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LETTER FROM DM168 EDITOR

Coalition clowns in council give Tshwane residents a big wake-up call

Coalition clowns in council give Tshwane residents a big wake-up call
Dr Murunwa Makwarela of Cope celebrates with ANC and EFF members after he was elected mayor of Tshwane on 28 February. (Photo: Gallo Images / Beeld / Deaan Vivier)

Another Friday, another week of the stop-start, two steps forward, 10 steps back move that seems to be the most popular dance craze among our politicians.

Dear DM168 readers,

As I write this my beloved city, Tshwane, is arrested by chaos and mayhem in its council chambers. ANC secretary-general Fikile Mbalula is leading an ANC march to City Hall, determined to take back the administrative capital for the national governing party, which lost the support of voters in 2016.

Tshwane is a stand-out example of how fragile and fickle coalition politics is. DA coalition mayor Randall Williams resigned after taking the fall for the Auditor-General’s damning report on the City of Tshwane’s financials, confirming there was more than R10-billion in irregular expenditure. 

He was replaced by the ANC-EFF coalition-backed Cope councillor Dr Murunwa Makwarela, who was removed by the City manager, Johan Mettler, because he was found to be insolvent. But Makwarela was reinstated when he provided a court document showing he was rehabilitated; however, he resigned when this document was found to be fraudulent.

These politicians are a laugh-a-minute and I can see them starring in a Monty Python-esque comedy series about changing political allegiances more often than they change their underwear. But more than R10-billion irregularly spent is no joke. And there are absolutely no angels walking with their wings aglow in the corridors of the Tshwane City Hall.

Since it took over from the ANC in 2016, the DA-led coalition has stumbled from one crisis to another, quickly learning there is absolutely no loyalty among thieves or opposition councillors.

ActionSA, a partner in the multipartner coalition led by the DA, is opening a criminal case against City of Tshwane councillors who allegedly offered a R2-million bribe to an ActionSA councillor for them to vote in favour of Makwarela as mayor.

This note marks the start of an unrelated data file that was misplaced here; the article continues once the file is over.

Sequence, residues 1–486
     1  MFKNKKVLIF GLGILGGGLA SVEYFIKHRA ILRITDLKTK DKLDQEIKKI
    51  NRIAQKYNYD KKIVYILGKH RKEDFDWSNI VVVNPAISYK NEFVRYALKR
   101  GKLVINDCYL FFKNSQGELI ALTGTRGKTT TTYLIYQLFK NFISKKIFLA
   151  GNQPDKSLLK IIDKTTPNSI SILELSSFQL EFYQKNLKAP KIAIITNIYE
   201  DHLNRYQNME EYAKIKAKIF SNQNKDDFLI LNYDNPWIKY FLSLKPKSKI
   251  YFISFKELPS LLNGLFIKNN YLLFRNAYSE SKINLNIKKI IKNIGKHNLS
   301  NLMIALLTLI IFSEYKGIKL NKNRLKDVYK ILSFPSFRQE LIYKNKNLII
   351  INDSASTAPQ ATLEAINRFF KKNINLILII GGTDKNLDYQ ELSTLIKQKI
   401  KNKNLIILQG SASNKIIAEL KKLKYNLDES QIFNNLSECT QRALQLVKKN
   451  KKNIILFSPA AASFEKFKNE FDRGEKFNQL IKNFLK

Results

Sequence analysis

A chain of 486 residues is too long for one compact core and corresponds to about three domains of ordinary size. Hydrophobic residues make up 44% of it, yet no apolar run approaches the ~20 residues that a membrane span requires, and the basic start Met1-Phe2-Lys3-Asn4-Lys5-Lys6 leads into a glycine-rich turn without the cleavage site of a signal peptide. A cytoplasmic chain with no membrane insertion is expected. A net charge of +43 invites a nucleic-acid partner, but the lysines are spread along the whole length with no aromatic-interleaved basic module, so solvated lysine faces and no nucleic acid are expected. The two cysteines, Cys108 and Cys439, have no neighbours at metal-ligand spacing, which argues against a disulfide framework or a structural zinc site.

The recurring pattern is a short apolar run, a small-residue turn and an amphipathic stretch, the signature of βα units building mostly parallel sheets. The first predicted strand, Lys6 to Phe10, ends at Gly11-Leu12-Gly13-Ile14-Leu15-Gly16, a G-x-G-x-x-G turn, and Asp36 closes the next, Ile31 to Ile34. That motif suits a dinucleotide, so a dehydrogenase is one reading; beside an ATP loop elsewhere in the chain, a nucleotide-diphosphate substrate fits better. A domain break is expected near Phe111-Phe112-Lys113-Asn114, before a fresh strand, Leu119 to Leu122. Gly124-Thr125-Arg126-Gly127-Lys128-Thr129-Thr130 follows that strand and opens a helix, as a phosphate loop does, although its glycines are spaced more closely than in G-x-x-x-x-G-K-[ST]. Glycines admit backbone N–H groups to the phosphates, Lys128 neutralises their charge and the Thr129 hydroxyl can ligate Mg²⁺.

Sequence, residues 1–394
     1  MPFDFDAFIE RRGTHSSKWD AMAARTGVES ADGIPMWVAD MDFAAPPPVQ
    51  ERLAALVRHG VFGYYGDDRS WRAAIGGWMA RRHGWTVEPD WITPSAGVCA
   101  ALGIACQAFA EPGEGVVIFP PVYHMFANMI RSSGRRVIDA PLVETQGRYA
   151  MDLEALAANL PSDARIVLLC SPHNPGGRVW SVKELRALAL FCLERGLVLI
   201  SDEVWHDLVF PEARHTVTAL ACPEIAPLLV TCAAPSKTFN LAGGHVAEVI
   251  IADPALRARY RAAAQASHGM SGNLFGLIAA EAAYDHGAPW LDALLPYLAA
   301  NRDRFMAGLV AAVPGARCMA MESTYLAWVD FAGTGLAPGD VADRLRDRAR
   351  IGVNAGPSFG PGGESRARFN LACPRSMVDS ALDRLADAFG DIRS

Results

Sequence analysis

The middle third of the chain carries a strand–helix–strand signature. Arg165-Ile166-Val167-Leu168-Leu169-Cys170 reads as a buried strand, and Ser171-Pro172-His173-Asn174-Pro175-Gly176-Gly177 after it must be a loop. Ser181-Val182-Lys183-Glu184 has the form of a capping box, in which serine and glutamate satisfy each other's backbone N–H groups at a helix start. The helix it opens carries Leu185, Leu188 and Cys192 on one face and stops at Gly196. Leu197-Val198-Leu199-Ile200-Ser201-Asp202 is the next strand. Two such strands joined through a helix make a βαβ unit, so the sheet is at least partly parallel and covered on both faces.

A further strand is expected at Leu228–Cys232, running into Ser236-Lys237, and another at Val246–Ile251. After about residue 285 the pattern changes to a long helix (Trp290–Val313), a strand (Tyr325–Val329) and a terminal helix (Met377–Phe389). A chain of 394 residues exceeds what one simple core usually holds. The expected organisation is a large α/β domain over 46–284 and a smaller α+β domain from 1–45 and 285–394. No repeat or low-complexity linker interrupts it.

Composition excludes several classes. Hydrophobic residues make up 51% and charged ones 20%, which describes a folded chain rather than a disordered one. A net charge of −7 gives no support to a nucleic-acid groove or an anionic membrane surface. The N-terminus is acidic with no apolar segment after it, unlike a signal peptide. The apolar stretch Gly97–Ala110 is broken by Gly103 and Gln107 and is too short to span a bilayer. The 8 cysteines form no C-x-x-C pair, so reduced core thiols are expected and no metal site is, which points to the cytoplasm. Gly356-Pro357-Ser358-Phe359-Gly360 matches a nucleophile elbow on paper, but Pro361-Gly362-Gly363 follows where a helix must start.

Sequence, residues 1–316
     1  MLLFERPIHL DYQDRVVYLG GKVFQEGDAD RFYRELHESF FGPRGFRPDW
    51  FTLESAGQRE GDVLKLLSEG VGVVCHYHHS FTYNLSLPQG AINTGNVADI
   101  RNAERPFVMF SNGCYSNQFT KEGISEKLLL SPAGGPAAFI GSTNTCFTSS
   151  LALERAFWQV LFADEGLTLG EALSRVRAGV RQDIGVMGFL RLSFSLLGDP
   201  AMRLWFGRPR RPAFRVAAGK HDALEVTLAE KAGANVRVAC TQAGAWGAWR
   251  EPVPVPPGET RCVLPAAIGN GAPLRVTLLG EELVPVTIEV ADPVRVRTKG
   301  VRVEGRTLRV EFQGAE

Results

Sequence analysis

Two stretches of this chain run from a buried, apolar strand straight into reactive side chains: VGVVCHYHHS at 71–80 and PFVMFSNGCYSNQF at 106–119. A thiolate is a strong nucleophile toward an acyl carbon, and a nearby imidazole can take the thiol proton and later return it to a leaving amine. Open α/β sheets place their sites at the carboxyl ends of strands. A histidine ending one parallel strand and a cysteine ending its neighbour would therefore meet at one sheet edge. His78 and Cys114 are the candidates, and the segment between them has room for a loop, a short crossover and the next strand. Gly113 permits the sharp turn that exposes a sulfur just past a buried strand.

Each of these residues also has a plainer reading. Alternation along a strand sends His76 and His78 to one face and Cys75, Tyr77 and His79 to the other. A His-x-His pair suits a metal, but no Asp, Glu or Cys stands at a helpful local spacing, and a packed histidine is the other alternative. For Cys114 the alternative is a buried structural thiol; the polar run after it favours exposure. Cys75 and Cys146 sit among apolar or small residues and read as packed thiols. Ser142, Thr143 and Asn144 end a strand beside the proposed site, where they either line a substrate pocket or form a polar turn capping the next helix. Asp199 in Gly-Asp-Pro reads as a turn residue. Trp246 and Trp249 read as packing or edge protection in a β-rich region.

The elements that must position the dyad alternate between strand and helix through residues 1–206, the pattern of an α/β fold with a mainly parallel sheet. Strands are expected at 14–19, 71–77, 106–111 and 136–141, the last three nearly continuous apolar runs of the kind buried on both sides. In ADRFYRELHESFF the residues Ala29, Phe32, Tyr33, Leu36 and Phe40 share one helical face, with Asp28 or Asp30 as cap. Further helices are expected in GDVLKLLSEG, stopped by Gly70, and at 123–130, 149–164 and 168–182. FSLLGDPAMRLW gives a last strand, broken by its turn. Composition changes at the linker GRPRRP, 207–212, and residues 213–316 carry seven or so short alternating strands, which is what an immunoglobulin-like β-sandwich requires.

And earlier this week, the DA lived up to its Desperate Alternative label when it foolishly got its party members to mark their ballot papers with numbers instead of crosses in a bid to weed out defectors who were either bribed or promised positions to vote against the DA coalition candidate for Speaker. In the end, the Electoral Commission of South Africa declared the 69 DA votes spoilt, ushering in an African Transformation Movement councillor, Mncedi Ndzwanana, as Speaker. Now that’s an own-goal.


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Right now, as I write, I don’t know who our new mayor is, but I do know that all of us residents of Tshwane have had a big wake-up call to start putting pressure on all of these clowns to do what they were voted in to do – namely, serve us the residents and get the city back in shape so our basic infrastructure such as electricity, water and roads are maintained. That’s just for starters. 

Red flags

In all these shenanigans in our city, the wily hands of the now 10-year-old enfant terrible of our body politics, the EFF, can be clearly seen. Julius Malema’s Red Berets first kicked out the ANC by voting in DA mayors and then helped to kick out the DA when they joined ANC coalitions across the three big Gauteng metros – Joburg, Ekurhuleni and now Tshwane.

Our lead story in this week’s paper is an analysis of the Economic Freedom Fighters by our political writer, Queenin Masuabi. Not only is the party planning to shut down the country on Monday, 20 March, but it is also pushing for our indecisive President Cyril Ramaphosa to go and play with his Ankole cattle and buffalo.

The EFF cannot be ignored, whether you like or loathe its antics. Its coalitions in Gauteng could easily be a dry run for 2023 if the ANC falls short of 50% and needs the EFF’s vote to stay in charge. Have a read of Queenin’s insights into 10 years of the EFF; she goes beyond fearmongering and looks at what is behind the young party’s rise and rise.

Heroes and havoc

An added exclusive treat for those who are scrambling for crumbs of hope is a truly inspiring story by Estelle Ellis, Hoseya Jubase, Bheki Simelane, Tamsin Metelerkamp and Takudzwa Pongweni. These reporters braved the public hospital picket lines where Nehawu strikers were causing havoc and preventing patients from getting medical treatment.

They found many ordinary South African heroes who emerged to pick up the pieces and ensure hospitals were clean and patients were cared for and fed. Read their amazing stories in tomorrow’s paper.

As usual, write to me at [email protected] to make a contribution to the national conversation about how to fix what’s ailing us, or whatever else moves you to write.

Yours in defence of truth,

Heather

Gallery

Comments - Please in order to comment.

  • Paddy Ross says:

    Where is the ‘rise and rise’ of the EFF? Their results in recent municipality elections has been more like ‘going nowhere fast’. They only survive through the disproportionate publicity that the media gives to them. Their deputy leader appears to be on the slow train to appearing in court for his alleged thieving from VBS and Malema can not be far behind in this journey. They will soon disappear.

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